My son was born and I have scarcely a word to write about it. A blinking cursor has stared me down for the better part of nine days and I'm not sure there has ever been a greater discrepancy between the amount of thoughts streaming through my head and the inability to put any of these impressions and observations into words. Perhaps this says enough.
I thought seeing Leo would mean seeing Margot and it never occurred to me to think otherwise. The reason for his existence seemed inseparable from her, his life intrinsically fused to her life and death in a way that was concrete, a foregone conclusion. And then I saw him and I only saw him. He wasn't a continuation of Margot's story. He was just himself, without attachment, without her. His own revelation.
Margot is still present, as close now as before Leo, the foundations of her memory being built by the gifts she bestows, by the grief, by the transformative nature of experiencing her. If Leo has changed our grief at all, it's in the distraction of taking care of him, in the expansion of our hearts for another child.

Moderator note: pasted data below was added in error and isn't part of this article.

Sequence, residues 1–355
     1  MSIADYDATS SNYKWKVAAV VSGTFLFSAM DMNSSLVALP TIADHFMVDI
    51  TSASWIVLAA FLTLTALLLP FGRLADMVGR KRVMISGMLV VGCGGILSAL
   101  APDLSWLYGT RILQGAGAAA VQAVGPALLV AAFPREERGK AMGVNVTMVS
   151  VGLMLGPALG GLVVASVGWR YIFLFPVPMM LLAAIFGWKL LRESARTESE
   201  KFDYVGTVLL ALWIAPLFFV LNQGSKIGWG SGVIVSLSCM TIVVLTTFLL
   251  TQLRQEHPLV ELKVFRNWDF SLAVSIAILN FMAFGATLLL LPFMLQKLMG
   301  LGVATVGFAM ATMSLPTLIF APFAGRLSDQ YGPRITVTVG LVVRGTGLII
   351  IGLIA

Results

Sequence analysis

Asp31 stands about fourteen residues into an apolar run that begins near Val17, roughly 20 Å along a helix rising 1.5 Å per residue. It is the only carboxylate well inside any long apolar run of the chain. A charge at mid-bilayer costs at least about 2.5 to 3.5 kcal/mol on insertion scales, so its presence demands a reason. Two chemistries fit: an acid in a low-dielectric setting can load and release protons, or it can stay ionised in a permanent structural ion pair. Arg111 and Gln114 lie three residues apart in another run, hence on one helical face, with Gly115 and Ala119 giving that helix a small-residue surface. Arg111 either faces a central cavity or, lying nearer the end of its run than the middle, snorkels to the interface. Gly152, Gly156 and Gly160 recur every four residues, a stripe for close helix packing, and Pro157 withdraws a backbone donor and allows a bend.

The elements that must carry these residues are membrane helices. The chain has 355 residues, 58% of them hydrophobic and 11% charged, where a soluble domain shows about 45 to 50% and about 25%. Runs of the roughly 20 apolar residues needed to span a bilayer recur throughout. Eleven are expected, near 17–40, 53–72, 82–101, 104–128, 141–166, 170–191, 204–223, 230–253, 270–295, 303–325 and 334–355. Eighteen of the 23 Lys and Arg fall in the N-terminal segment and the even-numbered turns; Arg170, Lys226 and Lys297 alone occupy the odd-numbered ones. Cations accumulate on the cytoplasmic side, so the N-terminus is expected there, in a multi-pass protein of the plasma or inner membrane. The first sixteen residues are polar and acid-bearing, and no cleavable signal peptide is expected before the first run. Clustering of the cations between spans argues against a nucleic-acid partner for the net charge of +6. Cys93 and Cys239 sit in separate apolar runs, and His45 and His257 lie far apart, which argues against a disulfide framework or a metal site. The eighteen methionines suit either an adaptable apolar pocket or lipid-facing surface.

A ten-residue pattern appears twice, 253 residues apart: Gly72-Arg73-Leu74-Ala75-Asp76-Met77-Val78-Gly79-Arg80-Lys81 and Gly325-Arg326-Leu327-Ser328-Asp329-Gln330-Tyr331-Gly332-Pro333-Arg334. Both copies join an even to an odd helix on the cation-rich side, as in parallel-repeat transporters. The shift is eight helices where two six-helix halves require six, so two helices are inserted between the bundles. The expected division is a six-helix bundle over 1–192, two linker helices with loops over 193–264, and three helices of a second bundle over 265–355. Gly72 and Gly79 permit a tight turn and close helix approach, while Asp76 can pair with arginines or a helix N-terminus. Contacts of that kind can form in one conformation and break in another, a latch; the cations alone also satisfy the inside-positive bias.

I forgot how long my mind has been living in the future. How long we have been waiting, biding our time, distracting ourselves, ticking days off the calendar before lunch time. Perhaps the greatest part about having Leo, other than the obvious, is the way we can be present again, fully here, without a future date branded onto our brains. It's like seeing the world in color again, without the future and the anxiety graying over everything.
We were up last night, mother and father, around two in the morning, tending to our crying kids. While Leo struggled to learn the art of nursing, jerking and crying and latching on repeat, Stella woke up in a fit of tears. The moment almost felt sublime, miraculous really, two kids, crying in unison, both here, fully present in our home. I gave pause before tending to the eldest, thankful for this chance, for the added noise. The sound of their tears echoed off one another like sweet relief, the sun at the end of a long, gray winter.